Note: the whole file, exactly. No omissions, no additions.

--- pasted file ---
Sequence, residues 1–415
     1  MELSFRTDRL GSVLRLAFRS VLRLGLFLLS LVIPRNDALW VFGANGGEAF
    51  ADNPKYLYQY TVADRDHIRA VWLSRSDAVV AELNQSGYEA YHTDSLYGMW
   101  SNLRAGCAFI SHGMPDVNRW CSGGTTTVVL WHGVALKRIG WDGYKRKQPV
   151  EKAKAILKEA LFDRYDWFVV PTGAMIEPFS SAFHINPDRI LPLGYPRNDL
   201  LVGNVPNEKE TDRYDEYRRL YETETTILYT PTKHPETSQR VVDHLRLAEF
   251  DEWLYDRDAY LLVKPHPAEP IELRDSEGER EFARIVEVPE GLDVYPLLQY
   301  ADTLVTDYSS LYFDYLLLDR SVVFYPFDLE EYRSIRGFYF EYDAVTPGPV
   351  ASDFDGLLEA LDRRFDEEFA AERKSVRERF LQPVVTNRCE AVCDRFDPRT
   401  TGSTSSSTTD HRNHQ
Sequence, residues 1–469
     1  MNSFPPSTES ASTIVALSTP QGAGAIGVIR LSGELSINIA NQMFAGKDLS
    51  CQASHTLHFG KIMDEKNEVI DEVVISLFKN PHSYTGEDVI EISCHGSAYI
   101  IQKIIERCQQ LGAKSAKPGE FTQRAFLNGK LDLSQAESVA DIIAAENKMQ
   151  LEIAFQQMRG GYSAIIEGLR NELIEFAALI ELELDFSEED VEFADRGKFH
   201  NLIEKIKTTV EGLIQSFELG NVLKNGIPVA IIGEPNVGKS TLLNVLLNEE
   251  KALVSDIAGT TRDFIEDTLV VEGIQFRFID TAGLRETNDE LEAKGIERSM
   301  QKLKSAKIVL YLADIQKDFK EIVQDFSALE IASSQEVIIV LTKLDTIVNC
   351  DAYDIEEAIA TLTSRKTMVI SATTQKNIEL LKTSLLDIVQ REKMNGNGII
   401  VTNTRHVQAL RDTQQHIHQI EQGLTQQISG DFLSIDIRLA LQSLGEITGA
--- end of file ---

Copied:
Sequence, residues 1–415
     1  MELSFRTDRL GSVLRLAFRS VLRLGLFLLS LVIPRNDALW VFGANGGEAF
    51  ADNPKYLYQY TVADRDHIRA VWLSRSDAVV AELNQSGYEA YHTDSLYGMW
   101  SNLRAGCAFI SHGMPDVNRW CSGGTTTVVL WHGVALKRIG WDGYKRKQPV
   151  EKAKAILKEA LFDRYDWFVV PTGAMIEPFS SAFHINPDRI LPLGYPRNDL
   201  LVGNVPNEKE TDRYDEYRRL YETETTILYT PTKHPETSQR VVDHLRLAEF
   251  DEWLYDRDAY LLVKPHPAEP IELRDSEGER EFARIVEVPE GLDVYPLLQY
   301  ADTLVTDYSS LYFDYLLLDR SVVFYPFDLE EYRSIRGFYF EYDAVTPGPV
   351  ASDFDGLLEA LDRRFDEEFA AERKSVRERF LQPVVTNRCE AVCDRFDPRT
   401  TGSTSSSTTD HRNHQ
Sequence, residues 1–469
     1  MNSFPPSTES ASTIVALSTP QGAGAIGVIR LSGELSINIA NQMFAGKDLS
    51  CQASHTLHFG KIMDEKNEVI DEVVISLFKN PHSYTGEDVI EISCHGSAYI
   101  IQKIIERCQQ LGAKSAKPGE FTQRAFLNGK LDLSQAESVA DIIAAENKMQ
   151  LEIAFQQMRG GYSAIIEGLR NELIEFAALI ELELDFSEED VEFADRGKFH
   201  NLIEKIKTTV EGLIQSFELG NVLKNGIPVA IIGEPNVGKS TLLNVLLNEE
   251  KALVSDIAGT TRDFIEDTLV VEGIQFRFID TAGLRETNDE LEAKGIERSM
   301  QKLKSAKIVL YLADIQKDFK EIVQDFSALE IASSQEVIIV LTKLDTIVNC
   351  DAYDIEEAIA TLTSRKTMVI SATTQKNIEL LKTSLLDIVQ REKMNGNGII
   401  VTNTRHVQAL RDTQQHIHQI EQGLTQQISG DFLSIDIRLA LQSLGEITGA